Robos are Going After Bigger Clients
Robo-advice firms don’t want to stick to the mass affluent anymore — there’s evidence they’re now gunning for far wealthier clients, according to Bloomberg.
For example, Betterment, the largest among the automated advice startups, unveiled a tool last week allowing more precise allocations for clients who have at least $100,000 with the firm, the news service writes. In February, rival Wealthfront added a risk-minimizing tool for clients with $100,000 or more, Bloomberg writes. And late last year, the women-focused robo Ellevest, founded by Merrill Lynch veteran Sallie Krawcheck, rolled out a private wealth management option for clients with more than $1 million, according to the news service.
The automated advice firms are clearly attracted to the higher fees they can garner from the additional services offered to wealthier clients, Bloomberg writes. But they also now face competition from established firms entering the digital advice market: Morgan Stanley, Vanguard and Charles Schwab are some of the legacy financial firms that have launched their own robo offerings in recent years, attracting billions of dollars in assets while Betterment and Wealthfront have about $10 billion each, according to the news service.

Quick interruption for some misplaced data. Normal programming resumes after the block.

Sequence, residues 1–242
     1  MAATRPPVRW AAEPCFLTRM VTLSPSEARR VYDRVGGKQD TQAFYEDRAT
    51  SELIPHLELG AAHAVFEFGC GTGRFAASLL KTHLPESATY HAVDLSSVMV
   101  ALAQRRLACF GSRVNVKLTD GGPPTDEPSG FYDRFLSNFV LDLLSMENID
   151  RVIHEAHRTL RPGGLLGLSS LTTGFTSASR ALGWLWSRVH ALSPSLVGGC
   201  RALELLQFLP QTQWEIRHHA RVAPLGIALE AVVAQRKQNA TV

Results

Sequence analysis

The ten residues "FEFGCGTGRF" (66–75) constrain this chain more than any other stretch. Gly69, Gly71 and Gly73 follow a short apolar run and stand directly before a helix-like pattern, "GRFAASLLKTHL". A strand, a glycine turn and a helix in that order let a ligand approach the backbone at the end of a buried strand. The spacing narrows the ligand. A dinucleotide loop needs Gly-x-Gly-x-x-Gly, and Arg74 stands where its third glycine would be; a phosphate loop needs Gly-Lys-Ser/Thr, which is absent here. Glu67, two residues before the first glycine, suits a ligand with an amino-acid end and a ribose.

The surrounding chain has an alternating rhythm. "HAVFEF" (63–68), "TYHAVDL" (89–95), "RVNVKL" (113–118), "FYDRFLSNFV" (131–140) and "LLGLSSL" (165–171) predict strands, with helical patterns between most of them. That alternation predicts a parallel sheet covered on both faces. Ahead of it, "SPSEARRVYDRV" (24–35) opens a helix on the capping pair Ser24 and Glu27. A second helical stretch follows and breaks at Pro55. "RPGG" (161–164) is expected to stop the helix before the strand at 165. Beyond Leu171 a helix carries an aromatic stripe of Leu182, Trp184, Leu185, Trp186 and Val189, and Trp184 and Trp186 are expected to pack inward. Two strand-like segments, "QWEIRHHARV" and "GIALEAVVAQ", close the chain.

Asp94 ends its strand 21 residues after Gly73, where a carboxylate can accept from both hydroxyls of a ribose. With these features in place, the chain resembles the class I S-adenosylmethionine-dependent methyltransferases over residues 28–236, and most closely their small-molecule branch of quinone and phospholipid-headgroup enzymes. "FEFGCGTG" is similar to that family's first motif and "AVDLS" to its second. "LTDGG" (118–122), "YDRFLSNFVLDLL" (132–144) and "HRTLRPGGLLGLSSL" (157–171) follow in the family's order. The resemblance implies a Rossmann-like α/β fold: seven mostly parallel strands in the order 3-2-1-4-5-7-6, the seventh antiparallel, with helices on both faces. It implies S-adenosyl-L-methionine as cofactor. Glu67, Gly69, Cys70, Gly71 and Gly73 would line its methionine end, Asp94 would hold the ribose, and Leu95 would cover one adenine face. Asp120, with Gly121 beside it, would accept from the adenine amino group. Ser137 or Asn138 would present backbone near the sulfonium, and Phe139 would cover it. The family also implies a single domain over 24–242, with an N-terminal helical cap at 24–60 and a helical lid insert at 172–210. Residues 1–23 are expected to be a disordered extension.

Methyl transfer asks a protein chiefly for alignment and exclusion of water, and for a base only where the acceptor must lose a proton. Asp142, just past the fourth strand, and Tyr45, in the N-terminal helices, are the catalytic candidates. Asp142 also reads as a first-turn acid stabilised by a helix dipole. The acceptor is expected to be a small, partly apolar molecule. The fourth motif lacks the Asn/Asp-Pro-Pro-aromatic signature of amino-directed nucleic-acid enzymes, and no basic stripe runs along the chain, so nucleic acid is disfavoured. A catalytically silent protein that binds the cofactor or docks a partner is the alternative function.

But some doubt whether high net worth investors would be satisfied with mere automated advice: according to a 2016 Citigroup report, such clients “always demand face-to-face advice,” Bloomberg writes. And in Wealthfront’s case, the way the extra service was tacked on has irked investors: the risk-parity feature for those with $100,000 or more was rolled out as an option that customers had to opt out of, not opt in to, and that apparently wasn’t made clear — and it resulted in higher fees, according to the news service. It also had substantial tax consequences if the feature wasn’t turned off in time, Bloomberg writes.
The extent of extra fees the firms could bring in with such moves remains to be seen too. Wealthfront, for example, only has about 1,100 customers that qualify as high net worth, according to the company’s latest SEC filing cited by the news service.